Suppose your operating income is $80,000 and your expenses are $100,000. Your banker says you have to reduce your costs by 20 percent. What do you do?
You can’t reduce pruning and training costs because your fruit quality would go down, notes Yakima, Washington, orchardist Dave Allan. You can’t reduce hand labor costs by reducing wages. Nor can you reduce the amount of chemicals or fertilizers you use without negatively impacting the crop.
Instead of doing less pruning, thinning, or tree training—areas that typically get cut when a grower has economic problems—the aim should be to do a better job of those practices, and enhance revenue rather than lower costs, Allan said. "Don’t focus on cost containment, or I think you’ll lose the ball game."
To improve profitability, cut out loser blocks, produce more target fruit per acre, and grow varieties that deliver value to the customer at a relatively high price of, say, $2.49 to $2.99 a pound, he suggested.
Remove the losers
Banks sometimes encourage growers to keep blocks that aren’t feasible, Allan said.
"The banks help us make that mistake. You tell them you’re going to pull this block out, and they say you have to keep it for the overhead. I think that’s a huge mistake. If the orchard is losing money, then the value is in the land and not the orchard. Take it out and preserve the equity in your land. So often, what we see is people want to try one more year, one more year, and they lose equity in the land."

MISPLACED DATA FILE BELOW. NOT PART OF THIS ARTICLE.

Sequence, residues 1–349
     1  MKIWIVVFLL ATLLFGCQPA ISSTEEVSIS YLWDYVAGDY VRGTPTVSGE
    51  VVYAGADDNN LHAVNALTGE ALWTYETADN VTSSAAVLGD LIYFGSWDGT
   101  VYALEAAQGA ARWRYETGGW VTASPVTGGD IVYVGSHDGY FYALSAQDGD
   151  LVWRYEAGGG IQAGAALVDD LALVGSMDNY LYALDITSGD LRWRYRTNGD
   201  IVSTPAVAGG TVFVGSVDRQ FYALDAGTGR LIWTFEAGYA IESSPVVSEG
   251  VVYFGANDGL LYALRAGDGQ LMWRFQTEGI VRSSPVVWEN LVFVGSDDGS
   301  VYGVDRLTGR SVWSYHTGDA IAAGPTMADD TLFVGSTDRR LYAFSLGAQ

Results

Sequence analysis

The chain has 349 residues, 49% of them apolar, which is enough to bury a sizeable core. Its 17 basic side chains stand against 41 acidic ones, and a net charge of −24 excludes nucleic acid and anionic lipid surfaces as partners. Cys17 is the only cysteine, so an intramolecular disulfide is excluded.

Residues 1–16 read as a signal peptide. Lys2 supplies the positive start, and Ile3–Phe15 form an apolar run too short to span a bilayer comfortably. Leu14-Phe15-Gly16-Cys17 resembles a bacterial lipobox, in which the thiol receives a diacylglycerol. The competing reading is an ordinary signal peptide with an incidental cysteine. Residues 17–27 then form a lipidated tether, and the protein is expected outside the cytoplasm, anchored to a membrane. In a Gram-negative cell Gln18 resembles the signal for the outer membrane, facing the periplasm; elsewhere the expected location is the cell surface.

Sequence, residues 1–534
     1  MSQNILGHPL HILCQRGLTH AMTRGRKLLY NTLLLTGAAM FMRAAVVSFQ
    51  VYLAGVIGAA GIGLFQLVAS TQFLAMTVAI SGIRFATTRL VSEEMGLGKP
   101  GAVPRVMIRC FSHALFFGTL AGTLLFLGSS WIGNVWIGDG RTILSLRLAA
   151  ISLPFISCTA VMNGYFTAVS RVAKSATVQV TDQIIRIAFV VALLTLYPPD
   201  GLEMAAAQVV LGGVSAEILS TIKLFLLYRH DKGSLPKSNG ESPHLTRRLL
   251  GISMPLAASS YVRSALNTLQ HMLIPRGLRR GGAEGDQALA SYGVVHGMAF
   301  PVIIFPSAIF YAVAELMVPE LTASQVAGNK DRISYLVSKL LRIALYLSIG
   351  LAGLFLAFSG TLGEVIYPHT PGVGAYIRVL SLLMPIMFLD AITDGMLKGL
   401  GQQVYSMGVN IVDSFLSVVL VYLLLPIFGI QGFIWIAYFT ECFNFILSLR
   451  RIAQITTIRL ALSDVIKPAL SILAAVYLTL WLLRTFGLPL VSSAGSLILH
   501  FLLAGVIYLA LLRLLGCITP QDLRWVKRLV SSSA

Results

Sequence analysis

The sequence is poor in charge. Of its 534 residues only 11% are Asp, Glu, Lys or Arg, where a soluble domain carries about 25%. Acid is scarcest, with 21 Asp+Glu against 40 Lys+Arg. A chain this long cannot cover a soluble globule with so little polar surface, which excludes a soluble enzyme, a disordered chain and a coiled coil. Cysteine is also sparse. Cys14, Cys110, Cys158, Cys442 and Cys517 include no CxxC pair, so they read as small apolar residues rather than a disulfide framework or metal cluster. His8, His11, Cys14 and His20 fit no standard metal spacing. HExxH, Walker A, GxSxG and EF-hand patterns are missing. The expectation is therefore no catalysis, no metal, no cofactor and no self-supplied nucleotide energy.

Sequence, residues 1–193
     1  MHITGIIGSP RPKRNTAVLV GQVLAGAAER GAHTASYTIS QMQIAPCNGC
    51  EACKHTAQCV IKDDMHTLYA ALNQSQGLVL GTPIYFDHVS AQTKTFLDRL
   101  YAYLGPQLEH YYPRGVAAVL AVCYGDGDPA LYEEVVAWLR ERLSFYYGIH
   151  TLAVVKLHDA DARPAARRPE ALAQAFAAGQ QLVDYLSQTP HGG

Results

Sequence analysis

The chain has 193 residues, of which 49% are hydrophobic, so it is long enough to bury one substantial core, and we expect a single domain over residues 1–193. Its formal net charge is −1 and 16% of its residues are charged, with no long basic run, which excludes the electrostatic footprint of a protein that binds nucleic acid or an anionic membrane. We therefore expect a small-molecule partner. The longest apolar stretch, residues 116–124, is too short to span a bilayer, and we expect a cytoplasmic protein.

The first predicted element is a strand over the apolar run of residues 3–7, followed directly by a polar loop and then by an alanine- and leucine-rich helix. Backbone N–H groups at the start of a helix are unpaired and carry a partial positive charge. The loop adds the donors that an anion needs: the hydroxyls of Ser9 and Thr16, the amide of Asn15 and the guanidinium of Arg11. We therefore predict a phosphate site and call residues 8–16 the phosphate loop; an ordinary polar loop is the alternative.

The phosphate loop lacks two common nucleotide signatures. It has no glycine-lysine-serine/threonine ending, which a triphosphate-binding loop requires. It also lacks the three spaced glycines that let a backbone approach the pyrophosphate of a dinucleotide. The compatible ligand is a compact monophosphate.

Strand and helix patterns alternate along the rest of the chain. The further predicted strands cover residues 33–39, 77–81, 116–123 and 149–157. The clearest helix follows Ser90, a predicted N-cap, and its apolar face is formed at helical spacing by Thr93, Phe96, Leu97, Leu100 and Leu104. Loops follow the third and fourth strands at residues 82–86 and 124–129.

Produce targeted fruit
Growing the sizes and grades most in demand can have a great impact on revenue. Growers producing fruit at the bottom of the warehouse pools don’t make money.
Variety also impacts revenue. Red Delicious could be a profitable option if the Washington State crop drops below 26 million boxes and the grower can produce 50 bins per acre, Allan believes. The 2006 Red Delicious crop is similar to last season’s at 27.5 million boxes.
Growers should probably move away from Golden Delicious unless they can average 60 bins per acre of good quality fruit, Allan said. He thinks the statewide crop needs to be below 9 million boxes, which it is this season for the first time in many years.
Demand has been increasing for Granny Smith. Growers shouldn’t rush out and plant more Grannies, he said, but they should not get rid of them if they have good yields.
Gala generated good returns until Washington’s crop reached 5 million boxes. If you grow small Gala apples, take them out, is his advice. If you produce big Galas, you can still make good money.
Fuji still has good market acceptance, but prices for that variety also declined after the state’s production topped five million boxes. Allan said when Honeycrisp production reaches five million boxes, it might be time to slow down plantings.
Production of Cripps Pink has not yet been enough to fill the market, and Allan thinks the variety still has good market potential.
How do you choose which variety to grow?
Don’t rely on coffee-shop talk, but do your own research, Allan advised. "Don’t go to the sales organizations and ask what’s going to be successful in five years. Their horizon is 48 hours in the future, and that’s about it. They might give you a little bit of insight, but they’re not the right guys to go to."
Allan said the best way to learn about a new variety is to test it and get input from other people who are testing it. However, testing a new variety is a risk. "If you’re going to get in the game, you have to plant about ten acres," Allan said. And that means an outlay of $250,000.
"Some are not going to work and that $250,000 is going to turn into zero. There’s a lot of risk here."
A successful variety must offer value to consumers after it’s been harvested, stored, packed, shipped to market, and set on the retail shelf for 72 hours, he added.
"If you have confidence that the variety you’re looking at can do that, it could be a good investment."